CRC Short Course Conversion for XXX-T
Part Number(s): CLN7700 (w/Bumpers); CLN7701 (w/o Bumpers)
Vehicle Class/Type: Short Course Conversion
Target Audience: Owners of XXX-T Based Stadium Trucks Who Want An Awesome SCT
Completion Level: Kit
Before you make the dive and put one of these conversions together, you need to get your hands on the right one. CRC offers two kits, one without bumpers and one with. The difference is that the CLN7701 omits bumpers and is designed for folks converting a Losi Desert Truck. The CLN7700 conversion kit includes parts for those with every other XXX-T platform truck out there. If you have an original XXX-T, XXX-T Matt Francis or Matt Francis 2, Speed-T, XXX-T Brushless RTR and more, you’ll want the CLN7700 kit. The difference in price is about $15 so, even if you have a Desert Truck you may want to spend the extra money for the full kit so you’ll have a spare set of bumpers.
If you’ve never seen or built a CRC pan car before then you’re in for a treat when you get the carbon fiber components from the conversion in your hands. They’re gorgeous! There are a couple pieces that make up the rear chassis extension along with another piece that becomes the front body mount. Frank and the guys at CRC did a great job turning out quality pieces here. Overall the conversion kit has minimal pieces and goes together easily. I was a bit bummed to see Phillips head screws included for parts of the assembly and would have preferred Allen heads, but that could just be me. If you’d like to see the build, you can check it out on our Ustream Page at http://www.ustream.tv/recorded/8986572
To complete the build I needed several items. First was a body and, per CRC’s recommendation, I used one designed for the HPI Blitz. I was in a crunch for time so I decided to use one of the Upgrade R/C wraps. Specifically I chose the H&H Rockstar MX wrap for this body. In-all it I spent about 20-minutes on actual painting (one color, black) and about 2-hours applying the wrap. You may wonder how that was a time saver but trust me, it was.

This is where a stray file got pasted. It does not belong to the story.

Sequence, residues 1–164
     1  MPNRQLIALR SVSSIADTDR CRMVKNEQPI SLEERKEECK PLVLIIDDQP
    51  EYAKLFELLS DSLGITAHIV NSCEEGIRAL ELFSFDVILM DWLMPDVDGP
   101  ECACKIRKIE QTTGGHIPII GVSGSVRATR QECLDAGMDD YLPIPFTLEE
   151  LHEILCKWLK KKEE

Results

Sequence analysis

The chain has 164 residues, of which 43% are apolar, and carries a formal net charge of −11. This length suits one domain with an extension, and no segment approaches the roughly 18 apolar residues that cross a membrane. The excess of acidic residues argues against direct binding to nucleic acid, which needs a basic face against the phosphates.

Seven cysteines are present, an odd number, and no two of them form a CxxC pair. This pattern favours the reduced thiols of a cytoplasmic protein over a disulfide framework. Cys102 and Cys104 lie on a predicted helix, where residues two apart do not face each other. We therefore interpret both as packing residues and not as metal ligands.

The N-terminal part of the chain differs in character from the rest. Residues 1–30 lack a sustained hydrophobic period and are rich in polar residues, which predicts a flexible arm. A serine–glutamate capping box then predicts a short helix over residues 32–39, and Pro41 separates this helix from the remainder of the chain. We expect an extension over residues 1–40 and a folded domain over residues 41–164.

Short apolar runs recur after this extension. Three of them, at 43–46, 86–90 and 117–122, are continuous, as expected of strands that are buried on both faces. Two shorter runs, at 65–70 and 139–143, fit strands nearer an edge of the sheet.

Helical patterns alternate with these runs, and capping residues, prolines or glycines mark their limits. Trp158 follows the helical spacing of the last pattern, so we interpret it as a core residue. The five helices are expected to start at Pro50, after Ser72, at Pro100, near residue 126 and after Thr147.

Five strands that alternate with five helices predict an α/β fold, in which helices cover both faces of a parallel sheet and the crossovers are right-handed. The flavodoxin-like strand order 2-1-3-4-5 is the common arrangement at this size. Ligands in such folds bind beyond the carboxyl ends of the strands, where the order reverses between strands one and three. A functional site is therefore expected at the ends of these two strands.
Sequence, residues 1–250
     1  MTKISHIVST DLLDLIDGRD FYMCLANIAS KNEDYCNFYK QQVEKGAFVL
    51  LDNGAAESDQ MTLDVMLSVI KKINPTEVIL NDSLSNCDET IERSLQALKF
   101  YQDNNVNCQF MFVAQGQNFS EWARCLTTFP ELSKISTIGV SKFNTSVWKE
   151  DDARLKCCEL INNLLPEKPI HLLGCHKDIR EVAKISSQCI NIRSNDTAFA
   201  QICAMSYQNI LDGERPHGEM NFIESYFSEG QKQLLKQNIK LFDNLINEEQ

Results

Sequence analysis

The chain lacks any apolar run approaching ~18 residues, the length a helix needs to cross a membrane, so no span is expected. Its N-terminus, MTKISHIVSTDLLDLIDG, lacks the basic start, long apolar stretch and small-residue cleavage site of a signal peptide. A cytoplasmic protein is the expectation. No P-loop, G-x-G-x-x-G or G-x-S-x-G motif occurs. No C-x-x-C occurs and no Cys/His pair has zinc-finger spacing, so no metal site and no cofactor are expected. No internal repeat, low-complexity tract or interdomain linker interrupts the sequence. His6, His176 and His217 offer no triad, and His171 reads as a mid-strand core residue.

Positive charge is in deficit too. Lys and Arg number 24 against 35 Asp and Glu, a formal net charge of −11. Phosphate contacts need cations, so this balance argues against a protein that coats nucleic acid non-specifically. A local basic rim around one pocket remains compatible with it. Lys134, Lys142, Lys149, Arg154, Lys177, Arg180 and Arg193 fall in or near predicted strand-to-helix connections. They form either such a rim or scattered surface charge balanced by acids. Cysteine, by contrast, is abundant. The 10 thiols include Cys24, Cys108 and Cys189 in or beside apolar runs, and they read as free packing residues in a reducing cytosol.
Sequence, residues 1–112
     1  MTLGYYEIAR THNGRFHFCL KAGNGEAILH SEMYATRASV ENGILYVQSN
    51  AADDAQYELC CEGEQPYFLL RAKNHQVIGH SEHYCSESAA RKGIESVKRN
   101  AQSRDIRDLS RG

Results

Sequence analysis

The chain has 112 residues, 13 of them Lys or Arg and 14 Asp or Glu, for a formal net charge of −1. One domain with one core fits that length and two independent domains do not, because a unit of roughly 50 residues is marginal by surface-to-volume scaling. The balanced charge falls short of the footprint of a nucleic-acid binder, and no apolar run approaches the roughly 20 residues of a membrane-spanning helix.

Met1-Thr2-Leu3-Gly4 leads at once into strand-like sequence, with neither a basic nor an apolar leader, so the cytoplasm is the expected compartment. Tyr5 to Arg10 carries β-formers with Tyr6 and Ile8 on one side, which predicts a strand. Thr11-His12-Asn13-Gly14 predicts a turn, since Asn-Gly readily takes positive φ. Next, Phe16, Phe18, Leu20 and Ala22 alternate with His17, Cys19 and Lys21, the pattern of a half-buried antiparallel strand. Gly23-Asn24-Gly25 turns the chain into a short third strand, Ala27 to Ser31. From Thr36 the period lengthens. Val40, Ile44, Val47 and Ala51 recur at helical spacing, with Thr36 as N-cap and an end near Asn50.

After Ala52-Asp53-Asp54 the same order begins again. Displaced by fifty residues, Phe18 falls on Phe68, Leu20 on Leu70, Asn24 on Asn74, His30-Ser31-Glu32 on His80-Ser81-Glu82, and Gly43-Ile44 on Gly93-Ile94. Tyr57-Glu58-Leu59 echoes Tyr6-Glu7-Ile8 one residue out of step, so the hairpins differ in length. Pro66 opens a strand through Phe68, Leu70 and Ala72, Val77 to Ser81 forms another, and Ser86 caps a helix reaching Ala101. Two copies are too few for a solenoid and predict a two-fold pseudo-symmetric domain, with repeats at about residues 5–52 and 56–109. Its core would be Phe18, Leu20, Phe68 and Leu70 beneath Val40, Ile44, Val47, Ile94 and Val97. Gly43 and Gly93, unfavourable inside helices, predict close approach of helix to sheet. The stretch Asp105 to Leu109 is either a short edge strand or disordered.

Next I needed to add wheels and tires. The folks at Trackside had told me that the J-Concepts Bar Code tires worked well so I picked up a set. For wheels I stuck with J-Concepts and glued the Bar Codes up to a set of their Rulux wheels in white. Now the wheels I used were designed for the SC10 but, with the new axles that the conversion kit includes, they fit the bill perfectly. Wrapping everything up was my electronics package which, by-and-large, were already in the truck. That meant an Xcelorin 17.5 sensored brushless motor mated to an Xcelorin ESC. With everything locked and loaded I was ready to hit the track. Top Speed/Acceleration:
One of the great things about this conversion is that it simply builds on what is already an awesome platform. Besides the front axles, bumpers, body mounts and chassis extension this IS my XXX-T CR. That means all the same features and benefits that I’ve come to enjoy are still here. The XXX-T CR’s drivetrain is smooth and efficient as always; however, I have found that the larger tires found on the SCTs tend to shorten the time between diff rebuilds. The XXX-T CR’s transmission is well suited for this application and worked quite well.
With the narrower wheels used on an SCT versus a traditional stadium truck you have less contact area to propel the truck forward. It didn’t matter as I was able to stand on the throttle over-and-over and the truck just scooted right along. With a wider body it did have a little more aero-drag on the straights when compared to stadium trucks but the difference was minimal. Handling
This is where the rubber meets the road, literally and figuratively. Does this conversion handle like it should? Is it similar or better to other purpose-built SCTs on the market? I’ll tell you that the conversion is very good; again a lot of credit goes towards the base platform here. I will say this is absolutely a competitive platform in short course form. There is one handling quirk to it, and I believe it is due in large part to how the extra length of the chassis was added.